A Beginner’s Guide To Manual Web Application Security Testing

Web Application Security Testing

Security and web application testing is a complex field, and there are many different approaches to performing manual web application security testing. This article will explore the various ways that you can perform manual web application security testing, as well as the phases of this process. You will also learn about 11 steps that you can take to perform manual web application security testing for your own business or organization!

What Is Manual Web Application Security Testing?

Web application security testing is the process of identifying and targeting vulnerabilities inside a web application. This can be done manually or using automated tools, but the key aim is to identify any weaknesses that could be exploited by an attacker. When the web application security testing is done by hand or manually without any automated assistance it is referred to as manual web application security testing.

Different Ways To Perform Manual Web Application Security Testing

There are three ways to perform manual application security testing:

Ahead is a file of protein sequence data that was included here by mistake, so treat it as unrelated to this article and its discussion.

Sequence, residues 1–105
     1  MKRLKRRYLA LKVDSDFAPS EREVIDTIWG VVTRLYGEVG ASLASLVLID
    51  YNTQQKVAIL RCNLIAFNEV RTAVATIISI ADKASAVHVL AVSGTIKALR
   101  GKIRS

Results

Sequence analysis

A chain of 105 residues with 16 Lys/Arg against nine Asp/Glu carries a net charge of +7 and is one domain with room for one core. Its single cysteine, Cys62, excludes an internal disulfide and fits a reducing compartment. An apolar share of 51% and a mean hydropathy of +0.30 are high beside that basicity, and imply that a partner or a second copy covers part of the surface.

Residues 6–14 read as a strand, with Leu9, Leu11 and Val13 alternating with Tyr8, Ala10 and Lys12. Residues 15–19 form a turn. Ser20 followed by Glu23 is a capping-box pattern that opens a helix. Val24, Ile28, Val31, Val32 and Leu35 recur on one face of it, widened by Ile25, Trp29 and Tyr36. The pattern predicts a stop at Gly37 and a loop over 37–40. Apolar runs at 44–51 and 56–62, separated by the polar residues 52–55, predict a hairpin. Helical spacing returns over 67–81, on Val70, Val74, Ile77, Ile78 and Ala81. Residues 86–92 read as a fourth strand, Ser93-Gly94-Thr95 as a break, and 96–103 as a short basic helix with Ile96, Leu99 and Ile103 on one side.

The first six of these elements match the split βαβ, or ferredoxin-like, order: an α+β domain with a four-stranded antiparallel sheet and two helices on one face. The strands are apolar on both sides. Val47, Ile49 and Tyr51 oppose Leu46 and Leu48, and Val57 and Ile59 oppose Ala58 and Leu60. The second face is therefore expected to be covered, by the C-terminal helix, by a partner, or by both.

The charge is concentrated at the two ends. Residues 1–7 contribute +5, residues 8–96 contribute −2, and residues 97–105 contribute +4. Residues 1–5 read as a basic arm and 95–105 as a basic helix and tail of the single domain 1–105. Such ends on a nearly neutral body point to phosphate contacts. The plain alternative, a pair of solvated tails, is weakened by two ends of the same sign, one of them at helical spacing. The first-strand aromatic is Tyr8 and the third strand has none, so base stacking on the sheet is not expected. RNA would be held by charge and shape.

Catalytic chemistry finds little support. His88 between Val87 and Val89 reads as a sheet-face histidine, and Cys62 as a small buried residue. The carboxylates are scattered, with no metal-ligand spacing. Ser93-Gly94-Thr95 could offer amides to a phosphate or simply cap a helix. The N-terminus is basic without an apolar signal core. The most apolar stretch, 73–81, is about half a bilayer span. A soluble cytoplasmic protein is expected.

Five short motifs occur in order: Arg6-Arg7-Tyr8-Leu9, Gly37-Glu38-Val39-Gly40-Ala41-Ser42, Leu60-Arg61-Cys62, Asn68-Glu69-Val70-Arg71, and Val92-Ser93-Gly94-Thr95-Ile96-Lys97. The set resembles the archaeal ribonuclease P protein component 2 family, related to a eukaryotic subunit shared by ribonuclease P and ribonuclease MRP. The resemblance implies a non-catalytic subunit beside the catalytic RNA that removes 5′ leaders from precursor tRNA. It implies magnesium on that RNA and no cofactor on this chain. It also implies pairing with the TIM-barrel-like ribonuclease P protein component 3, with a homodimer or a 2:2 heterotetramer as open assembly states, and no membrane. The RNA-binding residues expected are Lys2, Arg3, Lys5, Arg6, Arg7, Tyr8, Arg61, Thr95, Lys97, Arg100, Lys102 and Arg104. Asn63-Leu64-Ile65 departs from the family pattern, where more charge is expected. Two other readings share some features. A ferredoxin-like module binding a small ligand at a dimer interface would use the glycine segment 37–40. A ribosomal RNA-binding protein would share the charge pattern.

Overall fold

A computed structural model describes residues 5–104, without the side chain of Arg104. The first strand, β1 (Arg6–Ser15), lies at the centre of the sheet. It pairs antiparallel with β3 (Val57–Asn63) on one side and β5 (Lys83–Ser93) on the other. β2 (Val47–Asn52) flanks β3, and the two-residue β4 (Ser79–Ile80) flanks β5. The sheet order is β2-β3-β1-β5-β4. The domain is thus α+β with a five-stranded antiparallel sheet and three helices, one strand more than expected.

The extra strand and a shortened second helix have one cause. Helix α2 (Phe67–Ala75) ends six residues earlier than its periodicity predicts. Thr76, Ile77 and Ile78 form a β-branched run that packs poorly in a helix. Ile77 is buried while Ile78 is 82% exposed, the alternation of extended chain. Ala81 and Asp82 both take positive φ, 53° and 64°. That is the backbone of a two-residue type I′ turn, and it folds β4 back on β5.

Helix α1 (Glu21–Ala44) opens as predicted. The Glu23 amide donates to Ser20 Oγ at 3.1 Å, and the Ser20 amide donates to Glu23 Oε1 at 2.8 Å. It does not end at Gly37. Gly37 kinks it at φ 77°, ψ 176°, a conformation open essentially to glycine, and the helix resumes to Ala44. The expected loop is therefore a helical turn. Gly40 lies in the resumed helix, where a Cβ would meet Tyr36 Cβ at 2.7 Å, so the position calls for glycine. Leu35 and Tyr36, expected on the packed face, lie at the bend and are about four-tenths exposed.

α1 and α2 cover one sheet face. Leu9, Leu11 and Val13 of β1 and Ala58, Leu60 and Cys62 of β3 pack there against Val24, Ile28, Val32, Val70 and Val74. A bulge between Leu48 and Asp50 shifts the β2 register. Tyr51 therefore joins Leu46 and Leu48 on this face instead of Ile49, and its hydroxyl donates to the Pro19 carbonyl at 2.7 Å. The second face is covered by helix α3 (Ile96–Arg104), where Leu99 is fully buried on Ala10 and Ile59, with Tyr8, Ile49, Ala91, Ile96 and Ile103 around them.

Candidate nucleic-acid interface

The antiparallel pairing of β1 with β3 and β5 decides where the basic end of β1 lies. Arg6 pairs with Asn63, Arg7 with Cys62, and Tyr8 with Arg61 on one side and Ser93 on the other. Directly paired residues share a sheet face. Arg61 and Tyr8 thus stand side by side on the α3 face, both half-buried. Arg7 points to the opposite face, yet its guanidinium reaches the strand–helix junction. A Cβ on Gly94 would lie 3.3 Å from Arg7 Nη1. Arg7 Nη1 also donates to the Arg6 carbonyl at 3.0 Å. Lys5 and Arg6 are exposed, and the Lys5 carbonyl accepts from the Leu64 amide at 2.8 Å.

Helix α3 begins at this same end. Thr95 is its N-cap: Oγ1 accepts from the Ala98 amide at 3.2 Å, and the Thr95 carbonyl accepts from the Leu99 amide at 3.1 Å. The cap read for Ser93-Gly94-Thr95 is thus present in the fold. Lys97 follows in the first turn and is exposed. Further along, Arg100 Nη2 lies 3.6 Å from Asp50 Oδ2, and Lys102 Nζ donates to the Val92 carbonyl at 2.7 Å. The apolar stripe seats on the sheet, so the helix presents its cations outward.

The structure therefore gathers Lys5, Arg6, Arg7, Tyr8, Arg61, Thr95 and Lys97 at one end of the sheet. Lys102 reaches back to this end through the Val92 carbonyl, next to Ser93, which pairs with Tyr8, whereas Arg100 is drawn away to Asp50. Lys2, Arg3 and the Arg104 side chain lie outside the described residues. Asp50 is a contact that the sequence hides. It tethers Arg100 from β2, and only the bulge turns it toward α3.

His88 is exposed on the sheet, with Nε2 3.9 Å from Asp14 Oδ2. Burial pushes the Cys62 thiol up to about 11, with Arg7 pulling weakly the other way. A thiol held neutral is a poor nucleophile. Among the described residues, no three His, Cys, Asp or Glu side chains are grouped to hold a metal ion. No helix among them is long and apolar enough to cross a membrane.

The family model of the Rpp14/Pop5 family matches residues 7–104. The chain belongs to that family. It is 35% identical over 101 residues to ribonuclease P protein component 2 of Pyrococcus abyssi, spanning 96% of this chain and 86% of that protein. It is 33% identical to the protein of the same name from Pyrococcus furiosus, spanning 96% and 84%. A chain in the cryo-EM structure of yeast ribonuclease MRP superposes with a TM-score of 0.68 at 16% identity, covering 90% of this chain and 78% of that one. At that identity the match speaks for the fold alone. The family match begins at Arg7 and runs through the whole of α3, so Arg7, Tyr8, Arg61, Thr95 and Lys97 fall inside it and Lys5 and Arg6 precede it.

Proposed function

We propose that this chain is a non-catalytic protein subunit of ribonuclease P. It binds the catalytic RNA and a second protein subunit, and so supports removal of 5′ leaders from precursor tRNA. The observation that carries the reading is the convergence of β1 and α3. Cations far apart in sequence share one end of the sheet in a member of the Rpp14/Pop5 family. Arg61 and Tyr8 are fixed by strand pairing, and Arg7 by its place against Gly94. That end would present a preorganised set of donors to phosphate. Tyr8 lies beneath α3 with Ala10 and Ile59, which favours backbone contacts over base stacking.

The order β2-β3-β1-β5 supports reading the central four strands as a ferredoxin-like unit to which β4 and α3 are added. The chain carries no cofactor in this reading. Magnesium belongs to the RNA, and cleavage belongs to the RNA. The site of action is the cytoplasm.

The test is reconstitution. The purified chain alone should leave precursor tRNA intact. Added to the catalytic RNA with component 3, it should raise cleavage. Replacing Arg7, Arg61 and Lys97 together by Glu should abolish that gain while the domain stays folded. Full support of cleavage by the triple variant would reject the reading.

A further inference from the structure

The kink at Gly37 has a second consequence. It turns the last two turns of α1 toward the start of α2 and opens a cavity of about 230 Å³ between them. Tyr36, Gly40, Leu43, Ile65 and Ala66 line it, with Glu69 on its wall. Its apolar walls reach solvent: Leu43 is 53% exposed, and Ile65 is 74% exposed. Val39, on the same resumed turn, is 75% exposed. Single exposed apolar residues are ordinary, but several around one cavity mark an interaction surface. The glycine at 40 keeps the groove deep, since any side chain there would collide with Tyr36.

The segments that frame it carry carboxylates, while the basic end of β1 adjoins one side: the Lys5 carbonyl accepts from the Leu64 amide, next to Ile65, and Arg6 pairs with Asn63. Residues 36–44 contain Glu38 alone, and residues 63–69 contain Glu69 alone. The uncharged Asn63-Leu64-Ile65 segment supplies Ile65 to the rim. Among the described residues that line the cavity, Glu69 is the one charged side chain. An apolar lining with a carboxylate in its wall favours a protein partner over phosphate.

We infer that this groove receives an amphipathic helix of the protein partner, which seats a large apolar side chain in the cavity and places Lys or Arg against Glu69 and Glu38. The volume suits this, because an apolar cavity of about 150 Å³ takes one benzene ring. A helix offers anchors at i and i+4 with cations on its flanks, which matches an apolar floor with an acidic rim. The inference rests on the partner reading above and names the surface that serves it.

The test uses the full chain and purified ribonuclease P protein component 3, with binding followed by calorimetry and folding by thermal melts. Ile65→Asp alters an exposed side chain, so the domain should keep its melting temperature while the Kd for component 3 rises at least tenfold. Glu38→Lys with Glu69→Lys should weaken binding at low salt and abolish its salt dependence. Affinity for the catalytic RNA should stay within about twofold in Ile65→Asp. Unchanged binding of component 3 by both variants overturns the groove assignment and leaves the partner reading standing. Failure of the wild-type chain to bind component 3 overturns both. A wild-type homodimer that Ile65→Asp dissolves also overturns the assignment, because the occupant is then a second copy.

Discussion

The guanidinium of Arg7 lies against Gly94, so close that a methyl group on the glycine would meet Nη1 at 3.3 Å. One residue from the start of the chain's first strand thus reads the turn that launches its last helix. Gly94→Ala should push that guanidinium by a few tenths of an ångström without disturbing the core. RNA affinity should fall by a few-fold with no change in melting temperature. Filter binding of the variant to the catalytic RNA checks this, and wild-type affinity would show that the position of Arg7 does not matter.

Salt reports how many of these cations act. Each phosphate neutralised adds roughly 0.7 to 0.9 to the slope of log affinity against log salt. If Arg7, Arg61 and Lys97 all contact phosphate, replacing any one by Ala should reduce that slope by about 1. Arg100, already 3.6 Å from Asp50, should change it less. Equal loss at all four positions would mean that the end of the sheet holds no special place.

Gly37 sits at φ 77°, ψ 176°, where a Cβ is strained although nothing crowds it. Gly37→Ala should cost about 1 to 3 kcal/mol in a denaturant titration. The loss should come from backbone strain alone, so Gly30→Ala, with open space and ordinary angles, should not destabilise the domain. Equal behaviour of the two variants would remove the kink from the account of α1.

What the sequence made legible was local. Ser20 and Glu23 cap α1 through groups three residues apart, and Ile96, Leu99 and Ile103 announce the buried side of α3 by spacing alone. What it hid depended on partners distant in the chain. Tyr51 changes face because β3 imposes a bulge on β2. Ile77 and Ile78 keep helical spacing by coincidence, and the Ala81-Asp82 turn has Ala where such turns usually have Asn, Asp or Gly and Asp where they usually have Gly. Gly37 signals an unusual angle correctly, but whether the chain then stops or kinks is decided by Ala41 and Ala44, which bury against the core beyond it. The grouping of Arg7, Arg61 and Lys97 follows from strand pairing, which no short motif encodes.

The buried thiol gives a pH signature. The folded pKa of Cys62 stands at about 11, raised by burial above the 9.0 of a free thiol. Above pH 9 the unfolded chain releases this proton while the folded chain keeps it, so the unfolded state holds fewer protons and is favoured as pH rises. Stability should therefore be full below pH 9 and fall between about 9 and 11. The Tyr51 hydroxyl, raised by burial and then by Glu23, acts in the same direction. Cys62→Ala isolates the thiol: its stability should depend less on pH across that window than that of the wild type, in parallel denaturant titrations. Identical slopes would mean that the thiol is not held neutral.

• Black Box Testing: where you have no knowledge of the internal design or code and proceed with inputting data in an attempt to find vulnerabilities. This is considered to be one of the most important steps because it will test how much damage could be done if a hacker was able to exploit your web application. It’s best to use multiple different techniques when performing black box testing including fuzzing, automated scanners like Nessus, WebScarab (Burp Suite for Java) as well as static source code analysis tools such as Brakeman. Once issues are identified then they should be documented by creating proof of concepts that include step-by-step instructions on how to reproduce the issue.